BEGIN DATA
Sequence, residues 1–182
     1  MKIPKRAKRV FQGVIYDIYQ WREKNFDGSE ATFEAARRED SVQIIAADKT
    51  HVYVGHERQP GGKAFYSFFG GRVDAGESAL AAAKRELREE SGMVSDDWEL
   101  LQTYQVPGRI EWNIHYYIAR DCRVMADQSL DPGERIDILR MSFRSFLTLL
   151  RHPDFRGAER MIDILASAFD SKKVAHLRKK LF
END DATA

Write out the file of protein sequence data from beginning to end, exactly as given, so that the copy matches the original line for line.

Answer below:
Sequence, residues 1–182
     1  MKIPKRAKRV FQGVIYDIYQ WREKNFDGSE ATFEAARRED SVQIIAADKT
    51  HVYVGHERQP GGKAFYSFFG GRVDAGESAL AAAKRELREE SGMVSDDWEL
   101  LQTYQVPGRI EWNIHYYIAR DCRVMADQSL DPGERIDILR MSFRSFLTLL
   151  RHPDFRGAER MIDILASAFD SKKVAHLRKK LF